Trigger finger occurs when a finger or thumb gets stuck in a bent position, as if you were squeezing a trigger. Once it gets unstuck, the finger pops straight out, like a trigger being released.
In severe cases the finger cannot be straightened. Surgery is needed to correct it.
Tendons connect muscles to bones. When you tighten a muscle, it pulls on the tendon, and this causes the bone to move.
The tendons that move your finger slide through a tendon sheath (tunnel) as you bend your finger.
If you have a trigger finger:
Trigger finger can occur in both children and adults. It is more common in people who:
Trigger finger is diagnosed by medical history and a physical exam. Trigger finger usually does not require x-rays or lab tests.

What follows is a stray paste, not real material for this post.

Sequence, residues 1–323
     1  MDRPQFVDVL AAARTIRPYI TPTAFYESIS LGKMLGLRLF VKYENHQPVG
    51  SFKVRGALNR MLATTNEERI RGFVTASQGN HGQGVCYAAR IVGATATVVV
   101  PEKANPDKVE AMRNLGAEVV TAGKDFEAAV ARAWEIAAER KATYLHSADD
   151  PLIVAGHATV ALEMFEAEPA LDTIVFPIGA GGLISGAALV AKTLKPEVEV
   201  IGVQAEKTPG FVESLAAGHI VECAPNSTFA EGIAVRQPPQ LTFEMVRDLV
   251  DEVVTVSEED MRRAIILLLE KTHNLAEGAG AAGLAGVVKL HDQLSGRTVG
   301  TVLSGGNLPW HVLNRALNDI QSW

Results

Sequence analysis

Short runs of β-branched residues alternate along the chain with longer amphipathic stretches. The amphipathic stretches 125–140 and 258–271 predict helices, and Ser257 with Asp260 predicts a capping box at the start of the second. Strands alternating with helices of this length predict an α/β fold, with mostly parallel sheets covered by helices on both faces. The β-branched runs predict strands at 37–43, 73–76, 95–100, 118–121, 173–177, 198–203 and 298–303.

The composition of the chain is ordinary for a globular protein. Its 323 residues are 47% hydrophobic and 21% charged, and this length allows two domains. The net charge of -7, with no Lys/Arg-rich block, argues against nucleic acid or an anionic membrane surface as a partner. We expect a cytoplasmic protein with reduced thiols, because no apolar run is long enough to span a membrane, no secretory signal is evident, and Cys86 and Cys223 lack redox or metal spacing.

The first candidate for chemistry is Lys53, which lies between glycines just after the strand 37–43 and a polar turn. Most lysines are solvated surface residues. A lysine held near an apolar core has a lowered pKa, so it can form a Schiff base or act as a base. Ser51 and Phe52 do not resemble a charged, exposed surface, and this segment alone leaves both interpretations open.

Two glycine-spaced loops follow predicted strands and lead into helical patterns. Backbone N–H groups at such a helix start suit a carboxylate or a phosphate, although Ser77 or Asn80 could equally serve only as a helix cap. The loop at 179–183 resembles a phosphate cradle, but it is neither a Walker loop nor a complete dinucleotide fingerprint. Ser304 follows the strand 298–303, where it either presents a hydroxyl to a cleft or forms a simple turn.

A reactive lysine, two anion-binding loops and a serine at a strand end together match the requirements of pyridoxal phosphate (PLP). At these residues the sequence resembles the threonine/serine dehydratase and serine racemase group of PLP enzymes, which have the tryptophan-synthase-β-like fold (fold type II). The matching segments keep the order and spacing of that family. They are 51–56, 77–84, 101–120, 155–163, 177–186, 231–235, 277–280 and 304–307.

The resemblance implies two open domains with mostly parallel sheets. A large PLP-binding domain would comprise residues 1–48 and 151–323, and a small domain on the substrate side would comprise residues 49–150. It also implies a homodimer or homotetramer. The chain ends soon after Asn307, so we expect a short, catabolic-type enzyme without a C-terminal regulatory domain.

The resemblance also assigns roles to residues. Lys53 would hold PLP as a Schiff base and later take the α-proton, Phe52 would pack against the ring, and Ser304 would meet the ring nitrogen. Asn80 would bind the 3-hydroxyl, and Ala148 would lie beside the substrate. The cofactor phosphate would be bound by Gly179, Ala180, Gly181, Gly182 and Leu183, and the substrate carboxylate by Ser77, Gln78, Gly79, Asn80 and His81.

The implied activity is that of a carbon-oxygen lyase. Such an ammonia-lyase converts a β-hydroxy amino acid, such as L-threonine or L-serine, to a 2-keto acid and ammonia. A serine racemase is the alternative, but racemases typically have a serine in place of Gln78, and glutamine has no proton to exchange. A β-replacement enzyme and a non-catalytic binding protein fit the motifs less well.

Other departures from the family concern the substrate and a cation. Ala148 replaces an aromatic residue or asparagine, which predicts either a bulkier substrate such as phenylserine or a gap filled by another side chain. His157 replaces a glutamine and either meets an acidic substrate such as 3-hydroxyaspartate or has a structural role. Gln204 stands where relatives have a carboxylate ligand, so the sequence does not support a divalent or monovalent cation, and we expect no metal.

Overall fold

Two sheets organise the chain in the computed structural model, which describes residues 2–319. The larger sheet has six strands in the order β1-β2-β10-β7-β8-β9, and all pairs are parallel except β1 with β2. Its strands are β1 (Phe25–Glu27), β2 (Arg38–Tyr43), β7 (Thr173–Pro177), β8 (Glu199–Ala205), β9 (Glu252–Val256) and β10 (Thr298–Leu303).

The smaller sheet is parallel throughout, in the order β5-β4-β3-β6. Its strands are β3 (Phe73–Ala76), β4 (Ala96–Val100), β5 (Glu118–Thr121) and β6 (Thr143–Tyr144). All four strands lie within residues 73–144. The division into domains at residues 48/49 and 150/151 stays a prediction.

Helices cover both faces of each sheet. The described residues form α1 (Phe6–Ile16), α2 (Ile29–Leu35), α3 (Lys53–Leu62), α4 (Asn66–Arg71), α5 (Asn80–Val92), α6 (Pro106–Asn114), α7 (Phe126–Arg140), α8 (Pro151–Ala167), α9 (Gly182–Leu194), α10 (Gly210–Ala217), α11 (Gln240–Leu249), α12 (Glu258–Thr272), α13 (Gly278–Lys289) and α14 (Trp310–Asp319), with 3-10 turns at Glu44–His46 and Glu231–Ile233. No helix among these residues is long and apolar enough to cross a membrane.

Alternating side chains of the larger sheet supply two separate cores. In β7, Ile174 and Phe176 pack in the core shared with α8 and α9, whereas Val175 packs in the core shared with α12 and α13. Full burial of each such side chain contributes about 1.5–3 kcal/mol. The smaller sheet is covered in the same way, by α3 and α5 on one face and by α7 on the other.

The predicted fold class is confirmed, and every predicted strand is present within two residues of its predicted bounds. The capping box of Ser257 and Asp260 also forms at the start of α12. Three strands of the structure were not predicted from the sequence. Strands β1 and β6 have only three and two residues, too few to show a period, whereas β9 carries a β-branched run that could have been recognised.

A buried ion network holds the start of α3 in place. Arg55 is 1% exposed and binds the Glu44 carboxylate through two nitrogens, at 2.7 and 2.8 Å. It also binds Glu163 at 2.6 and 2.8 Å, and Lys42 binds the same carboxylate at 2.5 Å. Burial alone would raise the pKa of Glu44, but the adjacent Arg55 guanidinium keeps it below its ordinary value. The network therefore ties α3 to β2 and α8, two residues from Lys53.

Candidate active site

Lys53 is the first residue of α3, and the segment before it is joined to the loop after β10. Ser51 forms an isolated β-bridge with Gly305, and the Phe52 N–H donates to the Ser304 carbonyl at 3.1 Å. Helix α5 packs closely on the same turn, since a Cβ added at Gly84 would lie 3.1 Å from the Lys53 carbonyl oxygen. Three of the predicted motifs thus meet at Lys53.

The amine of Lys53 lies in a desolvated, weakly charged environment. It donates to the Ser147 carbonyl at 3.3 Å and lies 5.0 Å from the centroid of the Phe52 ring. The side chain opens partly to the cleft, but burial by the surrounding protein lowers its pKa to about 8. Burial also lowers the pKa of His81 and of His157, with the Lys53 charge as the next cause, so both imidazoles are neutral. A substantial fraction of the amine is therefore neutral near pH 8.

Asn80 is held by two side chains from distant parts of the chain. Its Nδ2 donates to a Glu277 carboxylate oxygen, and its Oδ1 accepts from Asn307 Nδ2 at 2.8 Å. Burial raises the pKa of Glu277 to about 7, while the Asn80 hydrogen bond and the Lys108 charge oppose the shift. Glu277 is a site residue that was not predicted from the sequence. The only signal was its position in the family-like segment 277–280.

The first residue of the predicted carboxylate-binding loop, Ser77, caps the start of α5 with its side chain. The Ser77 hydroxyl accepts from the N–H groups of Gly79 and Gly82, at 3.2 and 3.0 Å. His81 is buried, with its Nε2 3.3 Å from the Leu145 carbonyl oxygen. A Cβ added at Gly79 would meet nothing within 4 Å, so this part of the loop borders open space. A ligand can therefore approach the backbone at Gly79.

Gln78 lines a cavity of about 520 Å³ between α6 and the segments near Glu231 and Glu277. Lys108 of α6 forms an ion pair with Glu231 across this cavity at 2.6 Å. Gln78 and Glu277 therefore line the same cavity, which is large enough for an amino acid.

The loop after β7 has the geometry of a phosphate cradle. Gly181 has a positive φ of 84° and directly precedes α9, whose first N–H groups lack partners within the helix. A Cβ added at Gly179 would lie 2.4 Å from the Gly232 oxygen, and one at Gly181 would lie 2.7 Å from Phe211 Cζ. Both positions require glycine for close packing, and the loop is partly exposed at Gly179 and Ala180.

In mild cases, the goal is to decrease swelling in the tunnel.
Self-care management mainly includes:
Your provider may also give you a shot of a medicine called cortisone. The shot goes into the tunnel that the tendon goes through. This can help reduce swelling. Your provider may try a second shot if the first one does not work.
You may need surgery if your finger is locked in a bent position or does not get better with other treatment. The surgery is done under local anesthesia or a nerve block. This prevents pain. You may be awake during surgery.
During the surgery your surgeon will:
If you notice signs of infection, call your surgeon right away. Signs of infection include:
If your trigger finger returns, call your surgeon. You may need another surgery.
If you have experienced an elbow, wrist or hand injury or are experiencing joint or nerve pain, call 1-855-NH-SPORT to schedule an appointment with one of our orthopedic sports medicine hand specialists to discuss how we can help you improve your quality of life or enhance your athletic performance.